Sleepwalker’s Woman

Crack Norwegian violin & double bass duo Vilde&Inga have been dealing intricate, counterpointed improvisations like a croupier deals cards since 2014’s Makrofauna (on ECM). That they have developed so nuanced a discourse this early in their career attests to the continuing health and longevity of improvised music and its participants. Silfr (SOFA SOFA559), their second release, sees further refinement of their forensic excavation across ten intimate and adventurous vignettes, where their range of extended techniques is a source of perpetual wonder: Vilde’s violin covers everything from brittle, ultra-staccato galloping to long, leisurely brushstrokes and a stroke-for-stroke synthesis of Inga’s sandpapery hiss on ‘Røykkvarts’. Inga’s mercurial undercurrents push the ponderous into precarious when the occasion demands, producing absorbing and alarming harmonic textures throughout.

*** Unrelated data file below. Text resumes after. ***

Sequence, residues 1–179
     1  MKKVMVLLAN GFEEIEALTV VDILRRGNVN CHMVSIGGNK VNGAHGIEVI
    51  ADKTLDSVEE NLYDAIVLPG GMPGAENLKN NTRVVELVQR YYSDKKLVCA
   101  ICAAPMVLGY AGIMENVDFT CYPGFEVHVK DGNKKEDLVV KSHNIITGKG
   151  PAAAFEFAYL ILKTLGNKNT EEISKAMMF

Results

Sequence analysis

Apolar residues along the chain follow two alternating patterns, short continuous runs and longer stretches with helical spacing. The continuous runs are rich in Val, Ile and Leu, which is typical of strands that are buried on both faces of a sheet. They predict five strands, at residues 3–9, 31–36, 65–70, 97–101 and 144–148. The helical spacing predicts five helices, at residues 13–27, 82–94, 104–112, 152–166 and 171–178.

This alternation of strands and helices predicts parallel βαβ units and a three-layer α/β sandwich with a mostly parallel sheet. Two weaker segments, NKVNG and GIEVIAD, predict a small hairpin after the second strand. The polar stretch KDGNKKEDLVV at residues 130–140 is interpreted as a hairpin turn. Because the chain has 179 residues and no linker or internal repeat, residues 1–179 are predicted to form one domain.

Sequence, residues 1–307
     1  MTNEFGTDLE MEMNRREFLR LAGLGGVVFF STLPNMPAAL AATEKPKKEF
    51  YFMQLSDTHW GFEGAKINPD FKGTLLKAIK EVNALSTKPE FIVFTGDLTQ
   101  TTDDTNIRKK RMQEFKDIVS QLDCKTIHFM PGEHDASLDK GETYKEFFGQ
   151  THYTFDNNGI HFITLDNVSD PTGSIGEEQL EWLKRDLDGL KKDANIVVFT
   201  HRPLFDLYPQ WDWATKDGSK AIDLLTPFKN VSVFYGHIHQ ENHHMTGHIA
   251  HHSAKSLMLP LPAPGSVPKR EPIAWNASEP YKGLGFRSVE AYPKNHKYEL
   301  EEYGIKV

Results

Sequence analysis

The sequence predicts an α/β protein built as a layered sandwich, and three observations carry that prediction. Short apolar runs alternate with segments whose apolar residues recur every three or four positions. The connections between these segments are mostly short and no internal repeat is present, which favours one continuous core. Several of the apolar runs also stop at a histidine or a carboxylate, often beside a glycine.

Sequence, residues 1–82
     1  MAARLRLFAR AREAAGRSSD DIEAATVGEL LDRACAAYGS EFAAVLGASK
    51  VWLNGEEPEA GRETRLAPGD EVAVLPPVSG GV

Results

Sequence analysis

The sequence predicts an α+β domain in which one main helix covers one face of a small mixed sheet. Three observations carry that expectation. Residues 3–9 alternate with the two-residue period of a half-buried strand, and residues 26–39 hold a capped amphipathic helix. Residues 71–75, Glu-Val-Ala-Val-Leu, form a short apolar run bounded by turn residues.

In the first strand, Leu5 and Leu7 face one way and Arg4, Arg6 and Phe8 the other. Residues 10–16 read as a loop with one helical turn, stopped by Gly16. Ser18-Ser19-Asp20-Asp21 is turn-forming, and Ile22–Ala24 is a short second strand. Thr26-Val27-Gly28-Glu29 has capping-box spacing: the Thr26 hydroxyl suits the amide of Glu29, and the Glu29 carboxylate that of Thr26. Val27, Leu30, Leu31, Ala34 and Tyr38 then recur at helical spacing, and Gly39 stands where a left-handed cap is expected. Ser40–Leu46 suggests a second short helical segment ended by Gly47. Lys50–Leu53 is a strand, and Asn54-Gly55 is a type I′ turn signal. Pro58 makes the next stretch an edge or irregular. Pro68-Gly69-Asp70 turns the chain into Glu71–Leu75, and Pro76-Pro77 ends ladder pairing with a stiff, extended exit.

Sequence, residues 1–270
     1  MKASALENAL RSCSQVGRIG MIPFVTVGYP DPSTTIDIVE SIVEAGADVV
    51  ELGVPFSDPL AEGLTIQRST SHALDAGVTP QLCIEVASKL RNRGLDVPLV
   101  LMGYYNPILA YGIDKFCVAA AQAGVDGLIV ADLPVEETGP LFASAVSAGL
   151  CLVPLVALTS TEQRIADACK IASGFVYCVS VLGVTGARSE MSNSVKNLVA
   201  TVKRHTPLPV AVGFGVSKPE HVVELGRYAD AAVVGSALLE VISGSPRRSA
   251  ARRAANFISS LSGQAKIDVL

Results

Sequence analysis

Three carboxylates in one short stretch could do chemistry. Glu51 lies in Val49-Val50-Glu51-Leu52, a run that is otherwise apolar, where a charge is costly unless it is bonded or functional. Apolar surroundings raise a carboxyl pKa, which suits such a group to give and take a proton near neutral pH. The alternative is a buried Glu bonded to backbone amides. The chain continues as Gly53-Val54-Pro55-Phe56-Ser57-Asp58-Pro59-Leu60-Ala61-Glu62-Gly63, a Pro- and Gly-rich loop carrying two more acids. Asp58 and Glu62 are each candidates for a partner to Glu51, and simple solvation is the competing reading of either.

The Norwegian tuba trio Microtub traffic in a more limited tonal and emotional range than that of SOFA labelmates Vilde&Inga, but their sound on Bite Of The Orange (SOFA SOFA554) is no less absorbing. Favouring only the microtonal tuba (C and F variants), they specialise in long, sustained tones which, individually, resemble self-attunement exercises but collectively come across with the generative ambience of a Brian Eno algorithm. Their temporally modulating solos each cover a narrow pitch range, but converge in novel formations through a heuristic process of intuitive interval-manoeuvring between mid-range blows and quasi-Tibetan, bowel-trembling lows; their first order of business being the production of deep-listening of the highest quality.

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